Hello, newly diagnosed with a 1cm parasagittal meningioma

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Hi everyone,

I feel a bit of a fraud posting on a cancer forum, but these forums seem to be the only place to talk to others in my position. I was initially diagnosed with a suspected pituitary adenoma due to high prolactin levels and was referred to an endocrinologist who ordered an MRI and prescribed Dostinex/Cabergoline, which I have been taking weekly. The Dostinex has made me tired, slightly spaced out and headachey.

Anyway, I had the results of my MRI scan back this week and whilst they didn’t find a pituitary tumour, they did in fact find a 1cm parasagittal meningioma. I think I’m still in shock to be honest. I was not expecting anything like this at all. I’m a secondary school teacher and haven’t been able to drive on the Dostinex, so have been off work since the 29th January. I was thinking of going back to work prior to my meningioma diagnosis, but now I’m just at home, feeling worried and bored.

I do live in Ireland and I know there are Irish forums, but I’m British and thought it would be ok for me to join a UK online community. I know my GP said I’m being referred to a neurosurgeon, but I don’t know what to do with myself at the moment.

Obviously, I’m mentally not in a great place and would probably not be much use at work, but I’m desperately bored at home. I love teaching and really miss my normal life before my diagnosis.Work have told me to take my time and get my health sorted before I even think of returning.

I’m just wondering if there is anyone else in a similar position/situation? I just feel like my life is on hold at the moment and that I’m no longer in control.

  • I was teaching at  higher Education College from motor vehicle technician to a teacher enjoying teaching my love for automotive. Because of my tumour it has robbed of all memories of teaching etc. I have been visited by colleagues and even two students who got in touch because I changed their lives. 
    So hopefully you will get a positive response from your treatment. It’s been over four years since my operation and chemotherapy, what was stopped because it wasn’t working. I now take it one day at the time enjoy seeing my children and their families. Be here to see my now five grandchildren is number one reason to keep living . At the moment they don’t understand cancer and they only know me like this. To them this is grandad. I love my teaching career and yes missing it, but I have a new life now.

    All the best try to be positive.

  • I’m sorry that your tumour is no longer responding to treatment, but thank you for giving a response to my rambling.

    I just want my life to be normal again, but I know really that it won’t be. I’m going to speak to my GP tomorrow to get everything clear in my head regarding my neurosurgeon referral and what happens next.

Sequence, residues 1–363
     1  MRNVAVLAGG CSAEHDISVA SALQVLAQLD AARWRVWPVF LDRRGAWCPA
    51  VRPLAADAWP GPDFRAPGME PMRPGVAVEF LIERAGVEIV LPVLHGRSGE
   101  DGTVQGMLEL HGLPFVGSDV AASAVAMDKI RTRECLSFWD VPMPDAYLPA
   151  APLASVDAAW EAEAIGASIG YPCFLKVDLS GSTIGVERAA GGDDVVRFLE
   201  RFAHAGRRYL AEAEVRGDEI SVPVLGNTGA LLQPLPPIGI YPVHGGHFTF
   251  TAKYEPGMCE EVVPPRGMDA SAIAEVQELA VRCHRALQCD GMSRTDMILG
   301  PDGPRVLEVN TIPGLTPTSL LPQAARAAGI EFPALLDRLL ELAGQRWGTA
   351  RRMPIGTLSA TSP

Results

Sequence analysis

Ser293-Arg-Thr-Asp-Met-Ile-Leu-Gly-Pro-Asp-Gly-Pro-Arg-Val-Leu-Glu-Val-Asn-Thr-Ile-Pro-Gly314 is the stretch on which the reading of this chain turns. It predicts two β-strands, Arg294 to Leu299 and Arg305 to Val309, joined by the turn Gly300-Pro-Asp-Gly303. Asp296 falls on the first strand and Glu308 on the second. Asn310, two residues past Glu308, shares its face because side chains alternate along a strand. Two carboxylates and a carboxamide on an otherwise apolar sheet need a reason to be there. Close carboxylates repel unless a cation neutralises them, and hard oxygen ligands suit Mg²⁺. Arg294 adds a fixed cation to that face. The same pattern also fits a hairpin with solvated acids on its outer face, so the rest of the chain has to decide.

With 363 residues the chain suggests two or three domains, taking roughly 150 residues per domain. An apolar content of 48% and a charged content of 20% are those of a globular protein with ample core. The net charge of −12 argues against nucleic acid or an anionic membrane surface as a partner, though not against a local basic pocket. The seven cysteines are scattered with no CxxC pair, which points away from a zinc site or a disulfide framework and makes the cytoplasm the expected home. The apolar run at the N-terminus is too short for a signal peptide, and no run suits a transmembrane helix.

It’s nice to be able to link in with people who can understand and empathise with how I’m feeling about my situation.

    Alys

  • Hi AlysJ

    a warm welcome to the online community. Glad you found us. No need to feel a fraud. We're all here to support each other whatever the cirumstances.

    My own experience lies in supporting my late husband through his stage brain tumour journey so an entirely different scenario to yours.

    The time period between diagnosis and speaking to a neurosurgeon/consultant is a scary time as there are so many unknowns regardless off tumour type and state. There's some great info in the main body of the website that might help here Just been diagnosed? | Macmillan Cancer Support One thing I would suggest is that you write down any questions or concerns you may have ahead of your appointment and take those notes along when the time comes. These appointments can feel quite overwhelming so the notes can act as a script and help keep you on track and ensure you don't forget to ask something that is important to you. Remember there's no such thing as a silly question. If its bothering you, ask has always been my rule of thumb.

    Work can wait. The important thing here is getting you back into a good position so take what time you need. Be gentle with yourself as its all such a lot to process. I found journaling a great support so perhaps that's something you might want to consider.

    This is a safe and supportive space so please reach out here anytime. There's always someone about to listen who gets it, someone to hold your hand and to offer a virtual hug when its needed. You're not alone. We've got you.

    It’s always good to talk so please remember that you can also call the Macmillan Support Services on 0808 808 00 00 - most services are open 8am to 8pm, 7 days a week Clicking here to see what is available. This service provides lots of cancer information, emotional support, benefit and financial guidance or just a listening ear.

    For now though I'm sending you a huge virtual hug. 

    love n hugs

    Wee Me xx

    Macmillan Support Line - 0808 808 00 00, 7 days a week between 8am-8pm